Whats going on? We thought you love Steam? Relax, I still do and I have over 50+ games but that’s about to change. Conspiracy theories aside, the digital age is taking the entertainment industry by storm and there is little that can be done at this point. Getting the game to download while you’re browsing the internet hassle free is something that many got used to. Fantastic sales throughout the year, what’s not to like?
Monopolies are bad, that much is agreed on. They kill the competition which in turn kill the motivation to improve and innovate. Why do you think Steam is not considered with its poor customer service? Because there is no real alternative. Sure EA Origins is catching on as well as the fantastic GOG.com, but Valve is the pioneer to PC digital games distribution and judging from how things are, they will likely stay at the top for many years to come unless something tragic happens.
Steam machines are failing and the Steam OS is a joke and yet Valve is not even concerned the slightest, why? Because they are on top and can afford to screw up. Where will people go? Basically, the people have a choice to either accept any changes Valve may see fit or move to a smaller platform with the many features that they got used to are missing.
One might argue that once the new platform gathers a large crowd, the features and games will start coming in. Not true as catching up to large competitors is not as easy as the normal consumer thinks it is, just ask Microsoft’s Xbox division.
In short: No competition, no creativity.
Killing the Creativity
I’m sorry but hard, a physical material will always be Superior to soft copy. From the amazing box designs to the smell of a new item and placing it on your shelve or in a dedicated collection corner, all of these things make physical copies what they are. Sure, all your games will be gone once your house catches a fire but having your entire house burned has a way less chance than the digital company going out of business or changing the policies (see next section).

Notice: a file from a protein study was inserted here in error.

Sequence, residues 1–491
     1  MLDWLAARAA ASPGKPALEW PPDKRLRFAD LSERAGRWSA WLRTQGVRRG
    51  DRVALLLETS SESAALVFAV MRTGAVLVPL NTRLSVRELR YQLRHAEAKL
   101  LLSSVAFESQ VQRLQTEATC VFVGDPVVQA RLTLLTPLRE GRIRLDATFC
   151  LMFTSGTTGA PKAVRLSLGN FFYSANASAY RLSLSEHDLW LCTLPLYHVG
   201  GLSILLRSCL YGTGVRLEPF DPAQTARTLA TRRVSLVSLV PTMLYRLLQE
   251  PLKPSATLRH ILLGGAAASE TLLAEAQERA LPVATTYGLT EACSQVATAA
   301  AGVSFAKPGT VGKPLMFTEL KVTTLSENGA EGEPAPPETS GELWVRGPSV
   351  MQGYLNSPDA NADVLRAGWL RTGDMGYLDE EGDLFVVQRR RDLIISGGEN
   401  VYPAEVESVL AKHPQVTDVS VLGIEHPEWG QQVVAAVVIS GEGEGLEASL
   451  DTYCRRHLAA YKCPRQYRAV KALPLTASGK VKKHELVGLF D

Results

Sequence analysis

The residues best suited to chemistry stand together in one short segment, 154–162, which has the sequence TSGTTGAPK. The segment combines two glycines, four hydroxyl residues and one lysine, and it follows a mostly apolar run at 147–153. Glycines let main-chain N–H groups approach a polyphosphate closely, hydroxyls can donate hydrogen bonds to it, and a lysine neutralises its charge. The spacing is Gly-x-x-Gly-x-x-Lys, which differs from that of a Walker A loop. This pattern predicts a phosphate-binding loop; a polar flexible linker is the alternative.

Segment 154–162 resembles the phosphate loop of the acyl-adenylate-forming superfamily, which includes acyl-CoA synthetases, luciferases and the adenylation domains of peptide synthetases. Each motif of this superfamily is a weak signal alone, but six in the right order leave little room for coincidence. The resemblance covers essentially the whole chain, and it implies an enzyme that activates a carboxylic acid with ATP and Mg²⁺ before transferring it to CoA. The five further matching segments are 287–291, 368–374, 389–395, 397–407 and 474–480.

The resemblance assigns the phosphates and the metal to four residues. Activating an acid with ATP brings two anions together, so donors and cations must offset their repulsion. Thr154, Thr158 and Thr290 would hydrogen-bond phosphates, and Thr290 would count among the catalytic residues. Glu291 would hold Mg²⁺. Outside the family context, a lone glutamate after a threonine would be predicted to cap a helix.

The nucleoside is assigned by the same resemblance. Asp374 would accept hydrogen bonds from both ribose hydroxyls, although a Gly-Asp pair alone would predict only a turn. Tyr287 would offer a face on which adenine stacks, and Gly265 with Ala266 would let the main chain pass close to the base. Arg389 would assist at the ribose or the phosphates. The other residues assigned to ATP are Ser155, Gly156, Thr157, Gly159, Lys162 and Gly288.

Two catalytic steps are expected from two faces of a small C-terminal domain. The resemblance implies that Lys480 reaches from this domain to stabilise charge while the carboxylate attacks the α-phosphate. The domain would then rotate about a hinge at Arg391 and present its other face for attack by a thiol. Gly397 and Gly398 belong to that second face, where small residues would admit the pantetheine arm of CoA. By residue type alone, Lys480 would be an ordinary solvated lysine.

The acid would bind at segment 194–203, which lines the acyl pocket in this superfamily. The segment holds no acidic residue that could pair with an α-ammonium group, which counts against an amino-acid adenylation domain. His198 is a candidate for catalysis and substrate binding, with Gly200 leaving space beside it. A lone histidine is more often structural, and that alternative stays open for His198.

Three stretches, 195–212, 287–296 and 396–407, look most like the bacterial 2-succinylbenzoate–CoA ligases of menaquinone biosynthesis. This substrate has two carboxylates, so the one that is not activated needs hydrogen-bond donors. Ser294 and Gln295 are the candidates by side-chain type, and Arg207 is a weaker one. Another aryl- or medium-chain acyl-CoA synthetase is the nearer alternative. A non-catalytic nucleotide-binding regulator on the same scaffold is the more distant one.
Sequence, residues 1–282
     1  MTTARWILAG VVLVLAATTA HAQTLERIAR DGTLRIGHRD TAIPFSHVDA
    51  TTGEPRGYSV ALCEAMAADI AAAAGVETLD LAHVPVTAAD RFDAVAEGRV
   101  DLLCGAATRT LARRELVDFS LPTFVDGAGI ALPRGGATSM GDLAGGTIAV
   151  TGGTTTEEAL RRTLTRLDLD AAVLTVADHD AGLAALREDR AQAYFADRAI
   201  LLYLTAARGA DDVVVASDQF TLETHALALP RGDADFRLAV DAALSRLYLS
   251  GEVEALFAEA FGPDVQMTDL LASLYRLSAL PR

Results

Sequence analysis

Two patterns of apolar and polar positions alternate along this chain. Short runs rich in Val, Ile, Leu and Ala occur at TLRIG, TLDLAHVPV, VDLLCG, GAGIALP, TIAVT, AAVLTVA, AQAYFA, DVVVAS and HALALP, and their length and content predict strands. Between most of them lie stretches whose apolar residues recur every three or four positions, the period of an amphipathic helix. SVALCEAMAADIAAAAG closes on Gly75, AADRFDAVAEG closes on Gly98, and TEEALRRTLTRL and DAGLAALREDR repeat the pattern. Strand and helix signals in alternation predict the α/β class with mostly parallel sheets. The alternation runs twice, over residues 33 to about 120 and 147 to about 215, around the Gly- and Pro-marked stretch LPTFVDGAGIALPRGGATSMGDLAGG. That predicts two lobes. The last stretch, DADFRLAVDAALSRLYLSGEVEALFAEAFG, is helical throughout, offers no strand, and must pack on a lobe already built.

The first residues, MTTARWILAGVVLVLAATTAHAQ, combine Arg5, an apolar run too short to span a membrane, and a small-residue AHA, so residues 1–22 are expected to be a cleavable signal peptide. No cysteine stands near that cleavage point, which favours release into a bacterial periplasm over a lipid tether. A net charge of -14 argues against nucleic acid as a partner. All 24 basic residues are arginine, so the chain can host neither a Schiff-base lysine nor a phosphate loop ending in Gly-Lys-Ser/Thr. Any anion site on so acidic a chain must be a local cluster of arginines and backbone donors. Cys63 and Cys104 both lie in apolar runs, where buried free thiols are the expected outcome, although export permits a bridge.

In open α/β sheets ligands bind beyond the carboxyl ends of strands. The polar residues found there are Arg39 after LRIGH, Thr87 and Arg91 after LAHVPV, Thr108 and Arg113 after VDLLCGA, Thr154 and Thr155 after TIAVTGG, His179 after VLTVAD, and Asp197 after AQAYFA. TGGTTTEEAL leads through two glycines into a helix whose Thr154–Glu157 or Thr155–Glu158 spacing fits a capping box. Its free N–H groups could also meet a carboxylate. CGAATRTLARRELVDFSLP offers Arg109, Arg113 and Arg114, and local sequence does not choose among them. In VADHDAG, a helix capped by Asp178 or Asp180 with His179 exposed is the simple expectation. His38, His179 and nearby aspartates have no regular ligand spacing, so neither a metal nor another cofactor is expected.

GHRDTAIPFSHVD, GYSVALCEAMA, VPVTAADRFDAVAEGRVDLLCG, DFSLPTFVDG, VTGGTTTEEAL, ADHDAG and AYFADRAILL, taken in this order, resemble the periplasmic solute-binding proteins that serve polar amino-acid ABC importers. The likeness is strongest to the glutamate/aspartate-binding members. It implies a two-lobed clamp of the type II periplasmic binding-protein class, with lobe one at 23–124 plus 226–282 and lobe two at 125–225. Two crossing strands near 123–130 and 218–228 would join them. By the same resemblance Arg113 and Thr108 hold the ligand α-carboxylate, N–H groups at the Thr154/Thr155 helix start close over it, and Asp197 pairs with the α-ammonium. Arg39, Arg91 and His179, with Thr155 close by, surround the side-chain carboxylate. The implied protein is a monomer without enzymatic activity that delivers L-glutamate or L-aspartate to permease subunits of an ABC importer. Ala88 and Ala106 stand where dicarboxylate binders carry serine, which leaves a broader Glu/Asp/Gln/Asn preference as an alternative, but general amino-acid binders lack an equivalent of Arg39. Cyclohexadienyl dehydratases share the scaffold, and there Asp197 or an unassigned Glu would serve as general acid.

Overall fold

Physical media has and always will have a special feel of ownership. No matter how flexible the digital provider may be, it will never beat the feeling or owning an item you can touch.
You are NOT in control of your own games
Valve can at any time deny you access to your own games or simply take away specific game with or without a reason. Don’t believe me? Google it. Once Valve goes down so will your games. Yes, Valve unofficially promised that in the unlikely event that they go under you will have a chance to download your games. Good luck downloading over 1 TB worth of games in the short amount of time they will give you supposedly they stay true to their word in the first place.
Playing games offline is also a problem to many as Steam offline mode is as reliable as your new politician. In short, a game can be pulled off your library with or without refund for many reasons including copyright expiration or simply the refusal to renew a yearly contract. Anything can happen and you can’t do anything about it because you own nothing. On the other hand, I’m still playing Need for Speed Road Challenge years after it discontinued without any problems. Good luck finding this gem digital legally.
. . .
There is hope, GOG.com demonstrated that it is possible for DRM free games to sell well and Witcher 3 is a fine example. Downloading digital DRM free games is a considerable alternative to owning physical copies as I can print my own covers from the likes of VHBOXART. Take a look at this beautiful fan created master peace.
Digital distribution is taking over, at least in the USA. If you are like me, support GOG.com or buy PC games from Amazon UK unless the game requires Steam to activate. Steam is not the devil and Valve is not the New World Order yet so I will continue to use it for the cheap price and what not but if I get the choice between Steam and a DRM-free physical version aka the Witcher 3, you know which one I choose.